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SSI launching project for seafarers’ labour and human rights

Photo: Marcus Hand seafarers.jpg
The Sustainable Shipping Initiative (SSI) and the Institute for Human Rights and Business (IHRB) announced the launch of a new project focusing on seafarers’ labour and human rights.

 The joint project will develop a human rights code of conduct for charterers, and a roadmap for tackling systemic challenges which create human rights risks for seafarers.

 Co-led by SSI and IHRB, the project brings together SSI members: The China Navigation Company; Forum for the Future; Louis Dreyfus Company; Oldendorff Carriers; RightShip; South32; and Standard Chartered Bank.

The challenge of protecting and respecting seafarers’ rights was thrust into the spotlight with the emergence of 300,000 plus seafarers stranded at sea due to crew-change restrictions as a result of the Covid-19 pandemic.

Alongside this increased public awareness of the challenges seafarers worldwide face, there is a growing demand from consumers, investors, business partners, governments, and civil society for transparent and sustainable supply chains that address human rights along with environmental concerns..

Based on international labour and human rights standards and principles, this work will bring charterers, shipowners, and operators together for collective action, increasing transparency and driving positive change.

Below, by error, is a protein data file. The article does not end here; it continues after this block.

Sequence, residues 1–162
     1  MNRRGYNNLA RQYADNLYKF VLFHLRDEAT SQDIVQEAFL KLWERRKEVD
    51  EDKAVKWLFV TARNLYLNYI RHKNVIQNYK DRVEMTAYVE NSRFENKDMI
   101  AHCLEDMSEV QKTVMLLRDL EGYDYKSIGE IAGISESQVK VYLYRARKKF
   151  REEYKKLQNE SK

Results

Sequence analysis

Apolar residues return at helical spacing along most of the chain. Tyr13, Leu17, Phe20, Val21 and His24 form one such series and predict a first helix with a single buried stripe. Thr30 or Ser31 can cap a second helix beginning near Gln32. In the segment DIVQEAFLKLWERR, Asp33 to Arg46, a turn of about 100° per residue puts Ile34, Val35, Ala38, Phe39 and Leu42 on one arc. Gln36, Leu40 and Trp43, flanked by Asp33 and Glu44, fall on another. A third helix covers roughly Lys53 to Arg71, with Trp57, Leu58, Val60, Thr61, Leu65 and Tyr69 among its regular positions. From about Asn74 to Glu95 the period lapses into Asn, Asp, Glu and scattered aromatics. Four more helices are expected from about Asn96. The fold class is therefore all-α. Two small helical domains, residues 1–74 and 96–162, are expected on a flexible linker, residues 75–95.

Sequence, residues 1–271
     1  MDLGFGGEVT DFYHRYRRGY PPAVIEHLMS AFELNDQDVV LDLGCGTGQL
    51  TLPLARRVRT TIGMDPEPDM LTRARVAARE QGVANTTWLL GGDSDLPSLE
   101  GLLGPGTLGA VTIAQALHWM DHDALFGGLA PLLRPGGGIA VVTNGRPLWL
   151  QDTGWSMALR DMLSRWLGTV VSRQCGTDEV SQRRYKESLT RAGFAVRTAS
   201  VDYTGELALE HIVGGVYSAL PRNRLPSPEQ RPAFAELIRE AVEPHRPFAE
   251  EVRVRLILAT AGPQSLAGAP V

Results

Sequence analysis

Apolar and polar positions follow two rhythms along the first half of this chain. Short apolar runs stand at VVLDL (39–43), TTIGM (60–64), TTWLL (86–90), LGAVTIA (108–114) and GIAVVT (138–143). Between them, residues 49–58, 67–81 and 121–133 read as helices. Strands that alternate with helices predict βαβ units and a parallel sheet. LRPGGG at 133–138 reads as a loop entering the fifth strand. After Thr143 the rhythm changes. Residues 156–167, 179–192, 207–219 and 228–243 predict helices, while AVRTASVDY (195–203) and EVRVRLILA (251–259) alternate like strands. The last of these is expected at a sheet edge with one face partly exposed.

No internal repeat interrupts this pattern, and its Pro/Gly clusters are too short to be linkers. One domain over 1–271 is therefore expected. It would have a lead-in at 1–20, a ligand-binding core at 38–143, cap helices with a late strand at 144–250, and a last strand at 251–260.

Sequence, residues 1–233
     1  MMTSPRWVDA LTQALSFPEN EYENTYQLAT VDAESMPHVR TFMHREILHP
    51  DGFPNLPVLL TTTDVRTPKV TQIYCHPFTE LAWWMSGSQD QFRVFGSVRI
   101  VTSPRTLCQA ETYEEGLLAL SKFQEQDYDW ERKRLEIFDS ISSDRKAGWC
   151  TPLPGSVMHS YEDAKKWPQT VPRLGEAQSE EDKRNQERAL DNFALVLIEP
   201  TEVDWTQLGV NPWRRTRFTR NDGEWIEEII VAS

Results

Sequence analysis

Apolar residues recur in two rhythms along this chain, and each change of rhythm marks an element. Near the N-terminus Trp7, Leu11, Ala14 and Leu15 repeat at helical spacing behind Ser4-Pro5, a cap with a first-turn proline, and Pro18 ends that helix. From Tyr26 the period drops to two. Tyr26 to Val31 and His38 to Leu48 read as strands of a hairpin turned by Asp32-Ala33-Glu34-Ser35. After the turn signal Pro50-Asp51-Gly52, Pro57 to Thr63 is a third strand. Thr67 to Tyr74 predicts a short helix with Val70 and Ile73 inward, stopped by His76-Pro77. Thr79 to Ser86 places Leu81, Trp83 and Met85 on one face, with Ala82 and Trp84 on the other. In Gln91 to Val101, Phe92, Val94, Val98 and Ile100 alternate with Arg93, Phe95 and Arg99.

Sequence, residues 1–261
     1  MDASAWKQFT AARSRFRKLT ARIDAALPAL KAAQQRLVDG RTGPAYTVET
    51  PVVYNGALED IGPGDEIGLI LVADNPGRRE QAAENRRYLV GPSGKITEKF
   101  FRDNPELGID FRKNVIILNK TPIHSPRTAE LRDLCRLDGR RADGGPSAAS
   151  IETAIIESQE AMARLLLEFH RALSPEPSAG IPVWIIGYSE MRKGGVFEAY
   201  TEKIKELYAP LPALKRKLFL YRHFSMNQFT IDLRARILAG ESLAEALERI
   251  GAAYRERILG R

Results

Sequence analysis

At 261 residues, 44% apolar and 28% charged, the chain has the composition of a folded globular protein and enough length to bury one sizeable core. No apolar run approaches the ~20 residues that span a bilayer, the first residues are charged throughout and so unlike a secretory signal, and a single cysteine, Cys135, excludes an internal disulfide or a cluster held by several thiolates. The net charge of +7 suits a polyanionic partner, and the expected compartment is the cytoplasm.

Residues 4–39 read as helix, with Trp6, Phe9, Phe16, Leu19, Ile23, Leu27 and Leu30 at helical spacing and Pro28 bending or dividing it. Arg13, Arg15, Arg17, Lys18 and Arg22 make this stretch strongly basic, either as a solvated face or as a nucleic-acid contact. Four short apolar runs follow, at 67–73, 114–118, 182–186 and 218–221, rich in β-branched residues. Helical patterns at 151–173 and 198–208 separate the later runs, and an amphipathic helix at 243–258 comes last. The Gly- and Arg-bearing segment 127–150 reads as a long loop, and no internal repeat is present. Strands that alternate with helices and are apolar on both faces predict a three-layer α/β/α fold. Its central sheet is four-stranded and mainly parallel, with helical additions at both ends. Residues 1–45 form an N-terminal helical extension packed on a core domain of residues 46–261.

The work will further explore ways in which seafarers’ rights can be addressed by demanding transparency on labour and human rights risks, for example - through contractual terms and chartering provisions.

“Respect of the labour and human rights of seafarers worldwide is a key milestone on the road to sustainable shipping. We strongly believe in the power of transparency to drive positive change, and through this work we seek to catalyse collective action and leadership by charterers to advocate for more robust human rights protection within the industry,” said Andrew Stephens, SSI executive director.                                               

While Frances House, deputy chief executive at IHRB said: “Covid restrictions have stranded over 300,000 seafarers at sea worldwide, thrusting the human rights risks of shipping into the spotlight as never before.

“An industry-wide code of conduct affirming the human rights responsibilities of shipowners and operators will help to level the playing field and enable cargo owners and investors to make more informed choices around whom they want to do business with.”

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